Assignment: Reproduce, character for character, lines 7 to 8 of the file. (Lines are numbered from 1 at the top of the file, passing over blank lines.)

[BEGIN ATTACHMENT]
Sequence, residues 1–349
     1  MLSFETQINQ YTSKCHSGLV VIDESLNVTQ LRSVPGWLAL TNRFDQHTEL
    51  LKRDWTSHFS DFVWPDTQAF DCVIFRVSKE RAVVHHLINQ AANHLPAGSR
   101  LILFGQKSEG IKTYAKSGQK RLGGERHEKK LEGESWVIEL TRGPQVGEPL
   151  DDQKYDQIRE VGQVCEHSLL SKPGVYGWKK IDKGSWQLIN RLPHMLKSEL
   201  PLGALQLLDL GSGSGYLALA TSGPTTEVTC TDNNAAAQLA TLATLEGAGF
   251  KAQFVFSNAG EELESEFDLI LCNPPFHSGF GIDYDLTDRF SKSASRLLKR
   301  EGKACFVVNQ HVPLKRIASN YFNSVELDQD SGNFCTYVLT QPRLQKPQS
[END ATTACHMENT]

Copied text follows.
   251  KAQFVFSNAG EELESEFDLI LCNPPFHSGF GIDYDLTDRF SKSASRLLKR
   301  EGKACFVVNQ HVPLKRIASN YFNSVELDQD SGNFCTYVLT QPRLQKPQS